The WHO Barcelona Office at Sant Pau has published a report on the eve of the Universal Health Coverage Day. The report brings together data from 24 countries in Europe on unmet need and financial hardship to assess whether people can afford to pay for health care.
Monitoring financial protection is one of the key aspects of the office’s work to evaluate regional and country progress towards meeting the goal of universal health coverage. The publication Can people afford to pay health care? New evidence on financial protection in Europe (2019) shows that financial hardship varies widely in Europe, and that there is room for improvement even in high-income countries that provide the whole population with access to publicly financed health services.
One of the report’s conclusions is that catastrophic health spending is heavily concentrated among the poorest households in all of the countries in the study. Where financial protection is relatively weak, catastrophic spending is mainly driven by out-of-pocket payments for outpatient medicines.
Health systems with strong financial protection and low levels of unmet need share the features described below. There are no large gaps in health coverage. Coverage policy is carefully designed to minimize access barriers and out-of-pocket payments, particularly for poor people and regular users of health services. Public spending on health is high enough to ensure relatively timely access to a broad range of health services without informal payments. Finally, as a result of these initiatives, out-of-pocket payments are low, accounting for less than or close to 15% of current spending on health.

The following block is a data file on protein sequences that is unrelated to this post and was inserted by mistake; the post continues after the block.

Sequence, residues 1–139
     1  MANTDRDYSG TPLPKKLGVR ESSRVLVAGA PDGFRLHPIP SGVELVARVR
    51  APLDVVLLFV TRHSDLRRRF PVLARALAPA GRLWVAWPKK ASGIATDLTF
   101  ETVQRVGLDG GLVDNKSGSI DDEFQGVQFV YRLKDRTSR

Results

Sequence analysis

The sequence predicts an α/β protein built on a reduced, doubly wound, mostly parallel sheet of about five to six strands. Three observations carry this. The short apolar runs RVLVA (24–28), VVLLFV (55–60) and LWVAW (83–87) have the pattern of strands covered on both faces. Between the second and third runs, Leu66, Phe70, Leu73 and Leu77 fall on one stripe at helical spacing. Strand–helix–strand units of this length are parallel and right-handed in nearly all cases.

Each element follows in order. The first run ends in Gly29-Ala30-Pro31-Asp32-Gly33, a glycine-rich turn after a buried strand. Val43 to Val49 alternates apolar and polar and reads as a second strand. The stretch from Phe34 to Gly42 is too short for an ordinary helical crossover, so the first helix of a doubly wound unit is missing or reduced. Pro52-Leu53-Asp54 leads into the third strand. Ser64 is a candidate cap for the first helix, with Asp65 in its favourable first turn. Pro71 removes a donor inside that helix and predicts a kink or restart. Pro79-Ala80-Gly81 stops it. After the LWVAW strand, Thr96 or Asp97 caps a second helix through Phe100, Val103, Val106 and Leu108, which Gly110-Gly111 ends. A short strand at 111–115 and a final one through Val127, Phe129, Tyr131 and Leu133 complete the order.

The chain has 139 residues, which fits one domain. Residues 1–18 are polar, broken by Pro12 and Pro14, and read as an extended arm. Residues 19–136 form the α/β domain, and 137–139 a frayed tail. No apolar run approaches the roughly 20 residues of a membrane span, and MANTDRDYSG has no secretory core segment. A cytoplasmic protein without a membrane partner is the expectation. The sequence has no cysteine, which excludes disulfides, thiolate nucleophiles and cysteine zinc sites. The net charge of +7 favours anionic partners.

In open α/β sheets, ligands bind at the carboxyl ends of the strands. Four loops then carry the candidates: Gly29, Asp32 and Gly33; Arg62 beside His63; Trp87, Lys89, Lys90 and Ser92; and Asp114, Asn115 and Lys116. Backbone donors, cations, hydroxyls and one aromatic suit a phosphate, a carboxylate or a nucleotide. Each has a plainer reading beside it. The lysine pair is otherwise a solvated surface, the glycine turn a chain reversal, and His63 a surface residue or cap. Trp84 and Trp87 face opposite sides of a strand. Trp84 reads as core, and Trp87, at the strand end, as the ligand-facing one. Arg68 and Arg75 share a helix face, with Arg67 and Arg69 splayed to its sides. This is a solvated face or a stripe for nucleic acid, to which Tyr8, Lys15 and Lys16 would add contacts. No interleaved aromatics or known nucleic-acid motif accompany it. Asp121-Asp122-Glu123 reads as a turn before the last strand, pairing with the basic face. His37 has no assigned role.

Gaps in coverage arise from weaknesses in the design of three policy areas: population entitlement, the benefits package and user charges (co-payments). The report summarizes actions that can reduce unmet need and financial hardship by strengthening coverage policy. It also highlights actions that should be avoided.
For more information, please download the full report in English.